When I began a regular review slot on this website in September, my plan was simply to write about the most interesting film of the week, not necessarily the best. It just happens that I’ve been able to enthuse about every film I’ve so far reviewed here—all except one, a film I don’t like at all but which nevertheless turned out to be extremely interesting for theoretical reasons (it was Saving Mr. Banks—and even that was redeemed in a big way by Emma Thompson’s crisply huffy performance).

So I wouldn’t want you to think, “What’s wrong with this guy? He likes everything.” But I’m surprised by how much I really have liked in 2013. I can recall many Decembers when I was just about able to scrape together a grudging Top 10, but the past year seems to have been unusually rich. Once again, reports about cinema’s demise—often based on the notion that narrative feature films have been rendered obsolete by long-form TV—were not just premature but ridiculous. If anything did feel dead to me, it was mainstream entertainment: I can’t think of a time when big-budget Hollywood output has felt more drearily mechanical. And it’s perhaps this state of affairs that has emboldened filmmakers worldwide in their determination to make films that genuinely had something to say—or at least, to find interesting ways of saying it.

So, before I get to my Top 10, some musings: 

This Long-Form TV We’ve Been Hearing About

Top of the Lake

Top of the Lake

The cause of the most severe cultural anxiety of our age. Just as 19th-century readers worried about not keeping up with the latest outpourings of the Novel in its prime (“Read the latest Balzac?” “No, I’m still 15 behind”), we agonize today over unwatched box sets; I speak as someone still stalled on season one of Breaking Bad. Meanwhile, TV again proved a fertile ground for filmmakers seeking expansive new forms. Three shows stood out this year. Jane Campion’s Top of the Lake was a feminist crime mystery with fiendish twists, terrific casting, and hugely evocative grounding in a specific social and geographic New Zealand landscape. The Returned (Les Revenants), a French afterlife series masterminded by director Fabrice Gobert (Lights Out, 10), flatlined shockingly towards the end but was mostly superb—and with any luck, prompted people to check out the even better film They Came Back (Robin Campillo, 04), which inspired it. And director Sean Durkin and writer Tony Grisoni collaborated on the somber, intricately structured Southcliffe, about death and memory in a small British town.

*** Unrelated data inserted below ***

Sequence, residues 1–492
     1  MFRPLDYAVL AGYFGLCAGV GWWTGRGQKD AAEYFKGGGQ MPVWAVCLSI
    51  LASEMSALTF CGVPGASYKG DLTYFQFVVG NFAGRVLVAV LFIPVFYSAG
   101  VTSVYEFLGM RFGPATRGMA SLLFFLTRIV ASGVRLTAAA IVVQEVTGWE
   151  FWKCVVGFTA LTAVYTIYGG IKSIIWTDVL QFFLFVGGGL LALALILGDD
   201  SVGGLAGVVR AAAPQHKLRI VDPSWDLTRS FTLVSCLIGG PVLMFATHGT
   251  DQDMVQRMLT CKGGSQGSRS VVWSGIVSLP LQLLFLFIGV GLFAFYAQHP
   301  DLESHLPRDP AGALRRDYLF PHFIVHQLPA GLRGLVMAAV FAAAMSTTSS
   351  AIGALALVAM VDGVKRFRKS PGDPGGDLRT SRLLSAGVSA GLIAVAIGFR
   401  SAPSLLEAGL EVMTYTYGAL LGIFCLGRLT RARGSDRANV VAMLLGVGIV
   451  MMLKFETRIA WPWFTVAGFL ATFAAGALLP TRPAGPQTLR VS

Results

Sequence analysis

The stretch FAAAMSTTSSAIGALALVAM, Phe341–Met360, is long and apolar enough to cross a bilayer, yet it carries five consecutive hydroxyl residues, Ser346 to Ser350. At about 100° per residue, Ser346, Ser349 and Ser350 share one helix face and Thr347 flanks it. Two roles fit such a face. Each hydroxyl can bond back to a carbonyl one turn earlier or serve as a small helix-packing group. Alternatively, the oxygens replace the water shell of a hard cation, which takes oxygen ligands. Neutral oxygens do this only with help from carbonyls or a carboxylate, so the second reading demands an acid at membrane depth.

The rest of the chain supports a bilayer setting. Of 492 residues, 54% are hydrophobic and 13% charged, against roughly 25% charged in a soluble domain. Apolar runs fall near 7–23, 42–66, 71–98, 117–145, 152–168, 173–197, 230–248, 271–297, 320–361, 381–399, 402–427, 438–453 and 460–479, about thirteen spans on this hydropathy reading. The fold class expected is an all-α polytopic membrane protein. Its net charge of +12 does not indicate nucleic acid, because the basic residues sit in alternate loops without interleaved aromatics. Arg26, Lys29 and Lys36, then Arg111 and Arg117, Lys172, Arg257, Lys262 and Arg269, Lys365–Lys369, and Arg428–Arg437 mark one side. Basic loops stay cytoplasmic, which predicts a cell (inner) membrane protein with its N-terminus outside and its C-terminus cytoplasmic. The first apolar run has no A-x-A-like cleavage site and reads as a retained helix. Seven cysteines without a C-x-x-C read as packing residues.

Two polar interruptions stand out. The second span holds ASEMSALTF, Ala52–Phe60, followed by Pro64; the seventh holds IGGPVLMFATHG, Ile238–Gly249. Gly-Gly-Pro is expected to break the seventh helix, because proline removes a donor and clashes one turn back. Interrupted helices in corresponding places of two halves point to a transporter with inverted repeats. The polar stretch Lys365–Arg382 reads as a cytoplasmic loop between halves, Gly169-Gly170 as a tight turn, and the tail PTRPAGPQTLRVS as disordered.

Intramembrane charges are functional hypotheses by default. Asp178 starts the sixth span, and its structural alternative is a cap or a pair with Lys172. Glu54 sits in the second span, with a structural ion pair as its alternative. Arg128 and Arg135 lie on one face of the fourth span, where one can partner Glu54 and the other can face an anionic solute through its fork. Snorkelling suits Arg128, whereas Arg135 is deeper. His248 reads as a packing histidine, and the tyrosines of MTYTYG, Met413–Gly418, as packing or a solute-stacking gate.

Blockbusters Good and Bad

Man of Steel

Man of Steel

While I usually balk at the prospect of yet more Intergalactic Perils laying waste to terrestrial metropolises, part of me (probably the Marvel Comics obsessive I was at a tender age) still hopes for some glimmer of excitement in the annual crop of FX blockbusters. And there was: Shane Black’s Iron Man 3 showed that the superhero movie still had room for mischief and wit. I was hoping for something to enjoy in Man of Steel, but the time to celebrate Zack Snyder as an auteur maverick is long past: apart from foaming-at-the-mouth Michael Shannon, and Amy Adams out-perting herself as Lois Lane, this was joyless stuff. And yet it was outdone by Pacific Rim, a cathedral of idiot bombast all the more dismaying because somewhere inside it was the tiniest residual glimmer of Guillermo del Toro’s idiosyncratic sensibility.

The much-vaunted Gravity proved to be a fascinating, infuriating film—not least because Alfonso Cuarón seemed finally to have cashed in the film’s potential sublimity for mere theme-ride thrills. I came out feeling short-changed, bitterly missing the promised existential melancholy—but then, on that kind of gargantuan budget, Cuarón was never exactly going to make The Turin Horse in Space.



But one blockbuster with real vim and imagination was Snowpiercer, a futuristic adventure/allegory by Bong Joon-ho (largely in English, with some Korean). Set on a train speeding around a snow-locked globe, Snowpiercer explores the dystopian social structure of Metropolis horizontally rather than vertically—i.e. the oppressed masses have to fight from the back to the front of the train. At once a special-effects epic and an unnervingly oppressive chamber drama, Snowpiercer is exciting, unnerving, distinctively weird (not least for the casting: Chris Evans, Tilda Swinton in false teeth, Bong regular Song Kang-ho) and worth seeing in its full version if you can, before The Weinstein Company implements its proposed cuts. 


Abuse of Weakness

Abuse of Weakness